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She’s been a maths teacher, a management consultant, a CEO, a yoga teacher. Today, she’s a writer and a Sanskrit student. Meet Shyamala Benakovic, an ANU student of Sanskrit and so much more…
Melbourne-based Shyamala has always believed in following her passion. And her passions are many. She studied mathematics and education at university, which led her to research and then to teaching in schools. Later, she moved to studying accountancy and joined one of the Big Five Accounting firms before going fulltime into management consulting. Shyamala worked as a management consultant for 10 years before she gave it up to be a stay-at-home mum. It was during this time that she delved deeper into the practice of yoga and mantra meditation, which she had learnt as a child during prayer sessions at home in Malaysia.
Shyamala’s interest in yoga and chanting led her to enrol in a two-year extensive yoga teacher training course with the Centre of Adult Education in Melbourne. She then taught yoga to adults and children from 2008 through to 2011, when she was appointed the CEO of Yoga Australia, the peak body for yoga in Australia. In 2019, she started studying Sanskrit at ANU. Prior to that, her knowledge of Sanskrit was related to yoga and chanting, and she was initially interested in gaining a deeper understanding of the yogic texts and the chants she had learned as a child. However, once she started learning Sanskrit, she became interested in it as a spoken language and its place in early Indian literature and poetry. I like the structure and the neat precision of the alphabets and words. She wrapped up her role as CEO of Yoga Australia in January 2020, and has since been working on Sanskrit studies along with yet another passion—writing.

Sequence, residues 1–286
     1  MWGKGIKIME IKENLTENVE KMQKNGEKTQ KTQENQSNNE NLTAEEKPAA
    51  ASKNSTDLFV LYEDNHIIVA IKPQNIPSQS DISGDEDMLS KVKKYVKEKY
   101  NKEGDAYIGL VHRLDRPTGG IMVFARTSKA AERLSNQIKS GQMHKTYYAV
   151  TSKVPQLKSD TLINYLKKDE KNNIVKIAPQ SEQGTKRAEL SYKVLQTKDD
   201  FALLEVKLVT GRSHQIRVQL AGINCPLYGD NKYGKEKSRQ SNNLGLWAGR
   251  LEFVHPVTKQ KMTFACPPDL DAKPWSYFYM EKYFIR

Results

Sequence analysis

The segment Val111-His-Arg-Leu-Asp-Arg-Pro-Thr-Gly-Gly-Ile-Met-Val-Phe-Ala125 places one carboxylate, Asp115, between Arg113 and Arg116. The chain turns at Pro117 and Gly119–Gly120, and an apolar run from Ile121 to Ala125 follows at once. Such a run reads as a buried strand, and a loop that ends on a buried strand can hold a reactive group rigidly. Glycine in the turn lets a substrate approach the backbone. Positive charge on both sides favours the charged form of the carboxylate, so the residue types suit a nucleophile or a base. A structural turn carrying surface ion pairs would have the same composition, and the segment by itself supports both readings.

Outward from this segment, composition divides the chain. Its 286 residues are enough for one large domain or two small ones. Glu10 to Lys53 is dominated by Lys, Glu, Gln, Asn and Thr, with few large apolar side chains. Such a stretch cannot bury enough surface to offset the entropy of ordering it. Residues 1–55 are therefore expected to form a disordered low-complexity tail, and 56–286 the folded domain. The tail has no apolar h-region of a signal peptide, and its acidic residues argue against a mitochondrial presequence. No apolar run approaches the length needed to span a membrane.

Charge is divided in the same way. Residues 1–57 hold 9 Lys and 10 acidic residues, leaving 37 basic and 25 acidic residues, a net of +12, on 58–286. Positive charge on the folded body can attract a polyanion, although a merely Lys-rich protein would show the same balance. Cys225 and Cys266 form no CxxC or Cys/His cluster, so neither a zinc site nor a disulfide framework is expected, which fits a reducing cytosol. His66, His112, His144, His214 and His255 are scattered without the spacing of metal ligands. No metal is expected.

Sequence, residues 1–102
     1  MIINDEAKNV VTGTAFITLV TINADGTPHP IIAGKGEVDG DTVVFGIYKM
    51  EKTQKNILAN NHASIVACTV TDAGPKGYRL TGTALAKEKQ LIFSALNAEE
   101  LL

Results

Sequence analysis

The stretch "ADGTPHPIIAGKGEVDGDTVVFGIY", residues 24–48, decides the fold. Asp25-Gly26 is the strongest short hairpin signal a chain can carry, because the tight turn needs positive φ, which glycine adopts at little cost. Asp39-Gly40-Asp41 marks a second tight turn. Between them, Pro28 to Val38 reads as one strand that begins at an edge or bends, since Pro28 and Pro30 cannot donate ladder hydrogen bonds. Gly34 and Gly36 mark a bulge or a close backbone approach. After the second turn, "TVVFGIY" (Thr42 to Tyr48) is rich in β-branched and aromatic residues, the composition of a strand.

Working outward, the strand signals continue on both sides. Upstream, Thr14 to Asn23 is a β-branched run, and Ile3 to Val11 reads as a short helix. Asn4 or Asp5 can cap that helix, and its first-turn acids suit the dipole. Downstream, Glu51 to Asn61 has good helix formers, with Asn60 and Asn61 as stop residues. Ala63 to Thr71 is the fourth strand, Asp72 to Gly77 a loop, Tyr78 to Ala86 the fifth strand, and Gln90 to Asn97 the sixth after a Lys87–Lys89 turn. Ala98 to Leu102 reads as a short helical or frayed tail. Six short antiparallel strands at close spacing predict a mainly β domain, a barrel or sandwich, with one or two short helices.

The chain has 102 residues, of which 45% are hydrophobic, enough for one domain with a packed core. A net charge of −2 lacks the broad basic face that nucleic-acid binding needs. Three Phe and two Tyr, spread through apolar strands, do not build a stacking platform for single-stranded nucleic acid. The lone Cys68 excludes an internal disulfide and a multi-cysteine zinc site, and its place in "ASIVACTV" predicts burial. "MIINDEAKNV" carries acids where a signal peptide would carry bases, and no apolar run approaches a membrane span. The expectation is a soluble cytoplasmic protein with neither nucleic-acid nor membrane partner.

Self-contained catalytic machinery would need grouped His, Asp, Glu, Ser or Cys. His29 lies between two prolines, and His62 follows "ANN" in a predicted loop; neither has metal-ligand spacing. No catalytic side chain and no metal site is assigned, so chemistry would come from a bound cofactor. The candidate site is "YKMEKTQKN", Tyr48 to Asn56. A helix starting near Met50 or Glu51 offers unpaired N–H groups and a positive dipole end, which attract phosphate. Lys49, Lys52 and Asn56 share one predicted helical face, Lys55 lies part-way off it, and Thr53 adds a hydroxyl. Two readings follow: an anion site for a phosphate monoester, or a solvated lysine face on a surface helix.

Shyamala completed Sanskrit 2 in November 2020 and is now looking forward to continuing with Sanskrit 3 in 2021. In the meantime, she is also working on a few writing projects, namely short stories and memoir writing. Some of these will published later in 2021 in various Australia literary magazines. Her journey in the study of Sanskrit so far has been enriching for various reasons, according to Shyamala, but the three main driving forces have been a very knowledgeable faculty; the online delivery of the course that enables her to study from Melbourne; and the spoken component of the course, which makes it current and not a language solely linked to prayers and ancient scriptures alone.
“I am grateful to ANU and its Sanskrit language faculty for delivering this language and making it so accessible.”
The Little Red Book of Sanskrit Paradigms, compiled and written by Associate Professor McComas Taylor, is an indispensable tool for all students of Sanskrit.
Understanding this beautiful language and its influence on other Indo-European languages for Shyamala is paramount, and she has found reading Indian literature in Sanskrit to be a profound experience. What’s been so rewarding to grasp is the complexity of the Sanskrit language itself, with so many iterations of just a single word. Learning Sanskrit has helped her appreciate her Indian culture and its influences on the world and other languages. And of course, it is the language of yoga and relevant to all yoga teachers and practitioners who want to understand the science and practice of yoga and explain the philosophy related to the practice. It additionally works well with Shyamala’s writing projects by connecting her to her culture and heritage. Interestingly, Shyamala also believes that learning Sanskrit has improved her English-language skills by enabling her to learn how to think in different languages.
On her ever-evolving path of learning and opportunity, Shyamala intends to continue learning the language so she can read and write in Sanskrit fluently and sometime in the future, hopefully be in a position to teach the language to others like her.